Nothing makes my stomach churn more than defending those who are very likely guilty, simply because they may not be guilty from those who are probably correct that they are guilty, but have turned that strong possibility into a rhetorical certainty at the cost of their integrity.

    How's that for a tongue twister?

    I guess I'm one of those conservatives who's more concerned with the conservative soul (the souls of conservatives?) than the political crisis.

    Thanks again for the article and your response to my comment.

  13. The US elite are engaged in the last act of failed states: the looting of the treasury.

  14. nothinghypothetical,

    You are correct that no conspiracy is required to explain the phenomenon. But there is a (not necessarily the only) root cause of this problem and also of many of the ills that have come to afflict our legal (i.e., legislative and justice) systems in the U.S. and the West during the past century or so. It is, at least in significant part, the result of the widespread acceptance by the political elites of the progressive fallacy. And they have managed, through endless repetition, to convince enough of the electorates of the truth of that fallacy to ensure their continuance in the corridors of political power.

    The fallacy is that "if we just get enough experts into the room and feed them all of the data, they can arrive at the one best solution." This fallacy is a direct descendant of the constuctivist rationalism of the Cartesians.

    It is fallacious for two reasons. First, in human society we do not share universal problems nor universal priorities, so it is often the case that there is NO "one best solution," but rather that a variety (sometimes a substantial number) of solutions that will be required. Second, in a society as large as humanity's numerous cultures, by the time the data is gathered, collated, reported and analyzed, it is, by definition stale, that is it is past its 'sell by' date.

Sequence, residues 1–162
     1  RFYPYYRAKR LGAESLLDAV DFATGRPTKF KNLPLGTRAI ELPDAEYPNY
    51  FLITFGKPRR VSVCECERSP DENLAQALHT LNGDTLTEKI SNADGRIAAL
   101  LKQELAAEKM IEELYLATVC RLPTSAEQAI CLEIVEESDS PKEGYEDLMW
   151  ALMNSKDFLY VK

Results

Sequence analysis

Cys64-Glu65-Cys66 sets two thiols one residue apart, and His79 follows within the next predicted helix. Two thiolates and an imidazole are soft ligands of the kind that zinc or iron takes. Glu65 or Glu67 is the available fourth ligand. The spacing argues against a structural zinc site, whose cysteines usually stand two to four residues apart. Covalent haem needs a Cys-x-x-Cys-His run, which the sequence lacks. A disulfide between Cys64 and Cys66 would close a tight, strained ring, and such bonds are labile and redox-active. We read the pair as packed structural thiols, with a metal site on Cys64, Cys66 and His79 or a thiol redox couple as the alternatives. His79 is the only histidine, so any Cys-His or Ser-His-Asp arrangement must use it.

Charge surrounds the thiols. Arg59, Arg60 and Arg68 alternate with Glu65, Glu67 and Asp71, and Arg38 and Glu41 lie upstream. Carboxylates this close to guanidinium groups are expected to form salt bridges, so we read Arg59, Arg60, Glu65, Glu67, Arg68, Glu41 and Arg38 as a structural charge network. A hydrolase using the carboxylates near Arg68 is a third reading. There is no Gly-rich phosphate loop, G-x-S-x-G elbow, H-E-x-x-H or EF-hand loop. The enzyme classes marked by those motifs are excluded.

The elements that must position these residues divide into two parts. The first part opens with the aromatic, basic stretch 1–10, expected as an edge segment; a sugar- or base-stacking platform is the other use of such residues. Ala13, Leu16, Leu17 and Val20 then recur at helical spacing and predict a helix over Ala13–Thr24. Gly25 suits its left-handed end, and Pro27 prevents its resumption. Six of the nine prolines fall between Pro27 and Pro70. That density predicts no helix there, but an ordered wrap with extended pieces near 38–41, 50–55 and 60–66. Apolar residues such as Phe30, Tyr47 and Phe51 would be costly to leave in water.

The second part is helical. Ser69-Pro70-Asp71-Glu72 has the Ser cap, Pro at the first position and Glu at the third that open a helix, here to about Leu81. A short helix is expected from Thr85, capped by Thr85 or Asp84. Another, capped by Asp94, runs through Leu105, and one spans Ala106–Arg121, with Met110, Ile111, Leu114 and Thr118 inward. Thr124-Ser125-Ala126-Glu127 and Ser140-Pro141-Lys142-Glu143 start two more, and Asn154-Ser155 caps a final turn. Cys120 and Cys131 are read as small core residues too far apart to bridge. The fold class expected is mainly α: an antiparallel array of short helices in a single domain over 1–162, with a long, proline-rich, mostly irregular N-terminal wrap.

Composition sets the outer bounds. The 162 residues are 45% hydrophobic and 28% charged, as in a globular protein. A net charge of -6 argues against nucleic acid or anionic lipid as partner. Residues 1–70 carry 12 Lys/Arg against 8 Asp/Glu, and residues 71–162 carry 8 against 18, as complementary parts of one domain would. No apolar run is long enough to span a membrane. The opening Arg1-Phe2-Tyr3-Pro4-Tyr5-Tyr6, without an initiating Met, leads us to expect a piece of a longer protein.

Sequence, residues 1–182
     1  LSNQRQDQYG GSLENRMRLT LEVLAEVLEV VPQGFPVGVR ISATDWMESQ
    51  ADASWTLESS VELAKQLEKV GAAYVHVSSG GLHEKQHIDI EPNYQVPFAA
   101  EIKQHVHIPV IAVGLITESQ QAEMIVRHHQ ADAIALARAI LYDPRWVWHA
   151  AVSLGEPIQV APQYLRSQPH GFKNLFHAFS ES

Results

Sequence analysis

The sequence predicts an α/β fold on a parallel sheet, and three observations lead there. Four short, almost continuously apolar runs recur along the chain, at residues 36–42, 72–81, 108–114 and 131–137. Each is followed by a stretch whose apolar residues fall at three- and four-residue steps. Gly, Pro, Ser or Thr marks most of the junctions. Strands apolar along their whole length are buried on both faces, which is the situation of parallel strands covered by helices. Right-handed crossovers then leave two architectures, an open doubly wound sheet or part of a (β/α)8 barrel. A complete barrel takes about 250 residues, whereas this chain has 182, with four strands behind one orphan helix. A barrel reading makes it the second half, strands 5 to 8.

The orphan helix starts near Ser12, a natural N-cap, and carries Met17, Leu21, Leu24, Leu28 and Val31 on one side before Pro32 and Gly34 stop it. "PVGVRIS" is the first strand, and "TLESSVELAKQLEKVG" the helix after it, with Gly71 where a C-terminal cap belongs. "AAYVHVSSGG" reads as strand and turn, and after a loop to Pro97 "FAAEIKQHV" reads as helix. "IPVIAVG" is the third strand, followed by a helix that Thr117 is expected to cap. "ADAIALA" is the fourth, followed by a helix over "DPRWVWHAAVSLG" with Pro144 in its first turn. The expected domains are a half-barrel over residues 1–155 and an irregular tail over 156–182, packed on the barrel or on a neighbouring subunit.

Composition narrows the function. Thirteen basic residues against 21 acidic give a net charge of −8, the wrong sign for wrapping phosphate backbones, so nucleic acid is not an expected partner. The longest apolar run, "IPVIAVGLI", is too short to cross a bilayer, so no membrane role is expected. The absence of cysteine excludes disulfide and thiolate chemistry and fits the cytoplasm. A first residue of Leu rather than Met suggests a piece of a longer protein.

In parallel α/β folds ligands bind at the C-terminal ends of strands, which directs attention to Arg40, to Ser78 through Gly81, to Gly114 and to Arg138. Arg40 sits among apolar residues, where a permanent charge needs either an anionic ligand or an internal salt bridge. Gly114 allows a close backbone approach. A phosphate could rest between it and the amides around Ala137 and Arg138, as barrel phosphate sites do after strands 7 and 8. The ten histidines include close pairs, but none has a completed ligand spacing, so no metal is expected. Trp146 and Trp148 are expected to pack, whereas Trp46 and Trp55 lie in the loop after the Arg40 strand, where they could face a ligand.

This is very ably discussed in an article by Russell Roberts. And is the subject of an entire essay by Hayek entitled "The Result of Human Action but not Human Design" published in an anthology by the University of Chicago (Studies in Philosophy, Politics and Economics). Of course, understanding of this was not original to Hayek, having also been discussed by the Scottish philosophers Adam Ferguson and Adam Smith.

    Of course, there is an even simpler (not to mention very much earlier) understanding which we can recognize as a core element of Original Sin, wanting to be like (or be our own) God.

    Pax et bonum,
    Keith Töpfer

  15. Keith,

    Absolutely correct. And if I came off as overly critical it is only because I expect "my side" to have the highest possible standard of rhetoric. Forgive me if I communicated anything else.

  16. An extraordinary still methodically printing out and reading the links.

    Have sent it to the founder of The Haverford Trust Company in Philadelphia and will meet with him to discuss it. I suspect he will be passing it on to others

    ...Truly information that everyone needs to know.
    Thank you so very much